When a child with a mental illness is being prescribed psychotropic medication. who decides whether the child should take the medication — the parent or the child? What if the child is sixteen years of age? What if the child is in foster care: Should the parent or social service agency decide? Prior to administering psychotropic medication, what specific information should be provided to the person authorized to consent on behalf of the child? Should children be permitted to refuse psychotropic medications? If so, at what age should a child he able to refuse such medication What procedures should be put in place to forcibly medicate a child with psychotropic medication?
There are numerous reports indicating that children in foster care are overmedicated as compared to children not in foster care. What are the reasons for this occurrence? Are there abuses within the foster care system? Should the state mental health agency monitor psychotropic medications for children, require oversight or a second opinion, or monitor abuse? What authority should a state agency have to stop prescribing psychotropic medication to children?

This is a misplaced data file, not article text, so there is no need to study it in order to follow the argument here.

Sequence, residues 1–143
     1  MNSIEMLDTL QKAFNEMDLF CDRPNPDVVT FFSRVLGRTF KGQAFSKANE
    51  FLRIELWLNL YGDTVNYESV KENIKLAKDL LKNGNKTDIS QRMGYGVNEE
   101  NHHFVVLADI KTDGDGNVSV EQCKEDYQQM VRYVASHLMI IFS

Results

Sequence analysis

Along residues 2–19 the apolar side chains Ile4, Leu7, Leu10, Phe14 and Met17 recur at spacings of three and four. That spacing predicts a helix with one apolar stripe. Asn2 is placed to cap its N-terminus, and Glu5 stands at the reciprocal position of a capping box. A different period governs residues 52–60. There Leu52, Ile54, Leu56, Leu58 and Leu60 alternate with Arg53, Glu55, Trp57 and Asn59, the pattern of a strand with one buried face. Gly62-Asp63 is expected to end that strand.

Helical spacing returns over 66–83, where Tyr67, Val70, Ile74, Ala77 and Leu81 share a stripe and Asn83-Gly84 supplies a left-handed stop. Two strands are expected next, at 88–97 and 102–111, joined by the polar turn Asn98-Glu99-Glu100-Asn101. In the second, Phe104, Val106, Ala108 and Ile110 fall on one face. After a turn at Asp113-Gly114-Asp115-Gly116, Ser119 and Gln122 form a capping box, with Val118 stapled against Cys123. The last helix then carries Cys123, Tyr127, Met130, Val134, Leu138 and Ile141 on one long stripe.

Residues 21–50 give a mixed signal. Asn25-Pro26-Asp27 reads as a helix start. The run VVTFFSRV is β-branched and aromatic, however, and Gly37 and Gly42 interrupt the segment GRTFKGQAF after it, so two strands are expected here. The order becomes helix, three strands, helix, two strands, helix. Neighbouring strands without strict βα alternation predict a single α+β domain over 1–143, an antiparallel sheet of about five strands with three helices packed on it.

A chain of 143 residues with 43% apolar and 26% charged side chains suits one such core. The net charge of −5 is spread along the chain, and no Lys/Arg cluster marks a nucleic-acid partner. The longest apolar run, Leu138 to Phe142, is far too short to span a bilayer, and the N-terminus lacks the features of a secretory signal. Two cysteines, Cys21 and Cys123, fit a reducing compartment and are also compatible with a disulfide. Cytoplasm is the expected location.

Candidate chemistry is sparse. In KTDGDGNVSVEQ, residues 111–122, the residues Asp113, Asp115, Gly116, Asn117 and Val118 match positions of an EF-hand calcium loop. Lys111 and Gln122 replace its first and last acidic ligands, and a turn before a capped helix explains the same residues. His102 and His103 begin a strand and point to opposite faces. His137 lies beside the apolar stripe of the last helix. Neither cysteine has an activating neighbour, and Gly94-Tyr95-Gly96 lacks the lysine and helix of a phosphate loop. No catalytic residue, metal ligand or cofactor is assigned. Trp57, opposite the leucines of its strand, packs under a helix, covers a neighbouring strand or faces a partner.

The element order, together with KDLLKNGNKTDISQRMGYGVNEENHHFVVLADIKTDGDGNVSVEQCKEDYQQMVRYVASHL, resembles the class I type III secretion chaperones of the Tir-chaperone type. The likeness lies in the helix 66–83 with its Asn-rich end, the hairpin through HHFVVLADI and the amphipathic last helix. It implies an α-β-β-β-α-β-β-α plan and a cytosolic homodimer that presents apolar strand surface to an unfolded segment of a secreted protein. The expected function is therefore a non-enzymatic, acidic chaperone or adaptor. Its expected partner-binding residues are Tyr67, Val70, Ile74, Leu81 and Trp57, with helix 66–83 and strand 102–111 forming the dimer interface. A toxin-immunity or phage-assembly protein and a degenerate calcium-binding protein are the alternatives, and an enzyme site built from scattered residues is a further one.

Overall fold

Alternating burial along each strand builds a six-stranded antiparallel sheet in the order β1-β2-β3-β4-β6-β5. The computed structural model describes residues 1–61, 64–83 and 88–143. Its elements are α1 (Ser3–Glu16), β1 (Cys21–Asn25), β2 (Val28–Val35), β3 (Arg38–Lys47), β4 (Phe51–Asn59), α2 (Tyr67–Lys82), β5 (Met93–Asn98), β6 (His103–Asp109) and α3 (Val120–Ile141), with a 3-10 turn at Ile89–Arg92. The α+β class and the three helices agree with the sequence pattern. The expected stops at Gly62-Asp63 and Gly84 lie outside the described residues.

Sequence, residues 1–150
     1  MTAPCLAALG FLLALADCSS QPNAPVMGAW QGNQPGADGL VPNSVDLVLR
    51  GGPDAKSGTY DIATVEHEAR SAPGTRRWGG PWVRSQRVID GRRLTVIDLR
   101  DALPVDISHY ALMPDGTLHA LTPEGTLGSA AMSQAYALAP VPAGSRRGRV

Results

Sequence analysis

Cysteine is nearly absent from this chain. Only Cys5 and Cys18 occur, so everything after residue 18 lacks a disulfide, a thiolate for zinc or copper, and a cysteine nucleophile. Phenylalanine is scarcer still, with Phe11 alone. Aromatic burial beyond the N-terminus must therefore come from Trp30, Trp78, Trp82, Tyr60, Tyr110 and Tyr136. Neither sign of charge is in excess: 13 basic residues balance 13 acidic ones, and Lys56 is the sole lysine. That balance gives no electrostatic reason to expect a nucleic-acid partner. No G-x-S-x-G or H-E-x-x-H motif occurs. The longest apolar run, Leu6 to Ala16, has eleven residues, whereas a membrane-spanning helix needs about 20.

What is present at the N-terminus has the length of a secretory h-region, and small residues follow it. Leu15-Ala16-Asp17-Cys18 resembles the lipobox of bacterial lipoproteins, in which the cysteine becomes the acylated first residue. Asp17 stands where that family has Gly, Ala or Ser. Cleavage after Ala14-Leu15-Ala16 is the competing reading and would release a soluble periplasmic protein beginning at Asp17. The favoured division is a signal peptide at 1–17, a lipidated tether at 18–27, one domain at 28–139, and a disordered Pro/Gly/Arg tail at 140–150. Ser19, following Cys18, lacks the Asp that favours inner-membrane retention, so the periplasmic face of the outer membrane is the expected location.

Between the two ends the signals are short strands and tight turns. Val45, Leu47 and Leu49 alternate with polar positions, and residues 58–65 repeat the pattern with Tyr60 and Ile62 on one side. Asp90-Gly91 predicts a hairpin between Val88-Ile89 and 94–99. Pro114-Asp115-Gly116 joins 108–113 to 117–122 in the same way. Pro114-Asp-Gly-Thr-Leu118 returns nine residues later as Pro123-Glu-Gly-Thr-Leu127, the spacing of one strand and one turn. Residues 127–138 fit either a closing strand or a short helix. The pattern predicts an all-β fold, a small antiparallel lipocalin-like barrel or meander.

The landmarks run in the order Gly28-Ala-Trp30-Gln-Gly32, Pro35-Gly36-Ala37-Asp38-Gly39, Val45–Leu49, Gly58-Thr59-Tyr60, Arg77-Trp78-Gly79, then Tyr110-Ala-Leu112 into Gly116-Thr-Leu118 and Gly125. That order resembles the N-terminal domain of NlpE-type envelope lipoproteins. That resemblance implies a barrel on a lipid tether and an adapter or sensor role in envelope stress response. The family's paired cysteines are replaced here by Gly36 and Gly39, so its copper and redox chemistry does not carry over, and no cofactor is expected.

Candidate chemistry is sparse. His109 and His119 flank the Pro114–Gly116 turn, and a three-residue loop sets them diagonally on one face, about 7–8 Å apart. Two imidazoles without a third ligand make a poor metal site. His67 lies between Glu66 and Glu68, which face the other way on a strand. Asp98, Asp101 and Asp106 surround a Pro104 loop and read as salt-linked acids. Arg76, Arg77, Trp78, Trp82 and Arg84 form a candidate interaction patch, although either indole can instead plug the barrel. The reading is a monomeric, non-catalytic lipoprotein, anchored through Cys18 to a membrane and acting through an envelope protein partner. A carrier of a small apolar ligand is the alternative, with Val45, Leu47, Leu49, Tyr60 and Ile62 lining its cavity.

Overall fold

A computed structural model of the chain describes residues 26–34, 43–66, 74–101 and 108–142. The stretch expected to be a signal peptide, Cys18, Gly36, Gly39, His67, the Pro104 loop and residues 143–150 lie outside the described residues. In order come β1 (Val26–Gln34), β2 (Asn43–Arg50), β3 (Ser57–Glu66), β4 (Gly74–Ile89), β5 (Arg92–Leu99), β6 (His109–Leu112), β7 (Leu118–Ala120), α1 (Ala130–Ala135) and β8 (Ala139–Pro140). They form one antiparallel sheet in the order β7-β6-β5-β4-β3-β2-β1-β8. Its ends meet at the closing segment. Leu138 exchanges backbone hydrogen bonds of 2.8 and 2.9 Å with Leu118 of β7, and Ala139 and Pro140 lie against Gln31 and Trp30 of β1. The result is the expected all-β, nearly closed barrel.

This article will explore the overmedication of children with mental illness, with a specific emphasis on foster care children. Part I will examine the use of psychotropic medication on children, from the viewpoint of psychiatrists, pediatricians, parents, and children. Part II will explore the reasons why foster children receive psychotropic medications at a higher rate than children under their parents' care. Part IIl will provide an explanation of the consent procedures for children, and a critical inquiry into the manner psychiatrists and psychiatric hospitals undertake to address a minor's refusal to take psychotropic medication.
Additionally, Part I will analyze various states' responses to addressing both the overmedicating of children as well as consent and refusal issues that ultimate]y result from the medication of children. It will offer recommendations for a model consent form to be utilized by psychiatrists and in-patient psychiatric hospitals. It will present the rights of children to refuse psychotropic medication as recommended and the procedure for overriding such refusal.
Finally, Part III will analyze a survey of psychiatrists and pediatricians on the use of psychotropic medications to understand the existing consent procedures governing a minor's refusal to take psychotropic medications. The survey's design allows for a better understanding of the reasons behind the overmedication of foster children. The analysis will highlight the best practices and offer recommendations that provide for a state reporting and monitoring system.
The Dangers of Psychotropic Medication for Mentally Ill Children: Where Is the Child’s Voice in Consenting to Medication? An Empirical Study, 23 Temp. Pol. & Civ. Rts. L. Rev. 121 (2013)